The reason that a review of the role and contribution of the law of trusts to the law relating to pensions is important is because in 2004 alone there were 927 billion worth of private pension funds under management in the UK, holding 16 per cent of the domestic ordinary share market, which is the largest in Europe and third largest in the world (Slattery and Nellis, 2004).Today pension funds of several British Corporations run into larger amounts athat their own market capitalisation (Slattery and Nellis, 2004). The law relating to pension schemes is derived from the old trusts law(sometimes even dating back to the eighteenth century). Cooper, D.R. (2000) .
Even though the courts have recognised the different nature of pensions as compared to traditional trusts it seems that there are still gaps in this area.(Hales, C., Gough, O 2003) Private sector pension schemes are set up as trusts and a trust fund will be created to which the employer has to contribute(sometimes the employees may be required to contribute as well).
The concept of trust developed with the purpose of the facilitation of the passage of inheritance and property to a trusted party (trustee or trustees) for the benefit of a third party (beneficiary or beneficiaries).Therefore when trusts are set up in the form of pensions for employee benefits the current and former employees along with their family members become the beneficiaries of this scheme. Hales, C., Gough, O. (2003) These schemes allow the trustees to own the legal title to the assets of the scheme and invest this .They must invest this capital for the benefits of the members of the scheme and look after the interests of pensioners and the current employees. Hales, C., Gough, O. (2003)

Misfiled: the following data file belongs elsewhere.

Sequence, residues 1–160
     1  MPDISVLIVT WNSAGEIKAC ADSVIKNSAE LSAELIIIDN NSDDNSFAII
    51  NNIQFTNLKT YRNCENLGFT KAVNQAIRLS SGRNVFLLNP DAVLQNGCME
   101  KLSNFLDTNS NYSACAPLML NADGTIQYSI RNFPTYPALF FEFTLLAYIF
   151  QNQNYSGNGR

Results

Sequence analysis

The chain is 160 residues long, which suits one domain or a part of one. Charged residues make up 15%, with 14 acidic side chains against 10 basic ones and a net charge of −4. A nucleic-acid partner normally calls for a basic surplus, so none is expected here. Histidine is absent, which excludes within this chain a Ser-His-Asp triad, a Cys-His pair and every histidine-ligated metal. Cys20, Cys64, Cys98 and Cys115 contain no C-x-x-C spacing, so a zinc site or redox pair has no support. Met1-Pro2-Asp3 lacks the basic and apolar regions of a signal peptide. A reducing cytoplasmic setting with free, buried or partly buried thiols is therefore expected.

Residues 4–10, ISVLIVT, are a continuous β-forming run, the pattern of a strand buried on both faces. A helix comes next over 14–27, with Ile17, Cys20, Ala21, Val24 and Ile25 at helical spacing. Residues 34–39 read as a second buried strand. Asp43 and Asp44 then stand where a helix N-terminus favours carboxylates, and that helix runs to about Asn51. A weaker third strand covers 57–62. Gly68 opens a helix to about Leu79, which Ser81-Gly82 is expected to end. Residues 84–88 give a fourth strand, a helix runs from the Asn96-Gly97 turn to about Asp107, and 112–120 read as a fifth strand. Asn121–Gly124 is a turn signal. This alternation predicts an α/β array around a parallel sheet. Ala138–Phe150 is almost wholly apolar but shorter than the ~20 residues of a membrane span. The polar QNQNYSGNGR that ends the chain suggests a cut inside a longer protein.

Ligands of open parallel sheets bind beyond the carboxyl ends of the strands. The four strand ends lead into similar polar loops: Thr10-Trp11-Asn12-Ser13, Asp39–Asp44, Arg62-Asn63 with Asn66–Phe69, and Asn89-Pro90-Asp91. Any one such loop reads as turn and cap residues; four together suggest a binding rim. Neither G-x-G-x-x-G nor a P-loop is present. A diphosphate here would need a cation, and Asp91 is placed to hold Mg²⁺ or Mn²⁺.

Best interests have been defined as those confined to monetary goodwill i.e. being able to obtain maximum amount of pension through the prudent investment of the trustees. In this regard the Pensions Act 1995 puts an obligation upon the trustees to make prudent and risk free investment decisions. The Act prevents them from escaping liability through exclusion clauses in the deeds and must take care in ensuring that a proper person is appointed for the purposes of managing such investment.The trustees will be able to draw up a statement of investment principles.They will be able to decide upon whether a member leaves the scheme and whether to pay a certain person earlier due to death or ill health.
The most significant intertwining of the law of trusts and law of pensions occurs when the Courts refuse to intervene into the trust matters following the extensive powers conferred upon the trustees to make decisions. (Duncan, C., Loretto, W., White, P.2001).However the Court will be prepared to intervene to ensure whether these powers have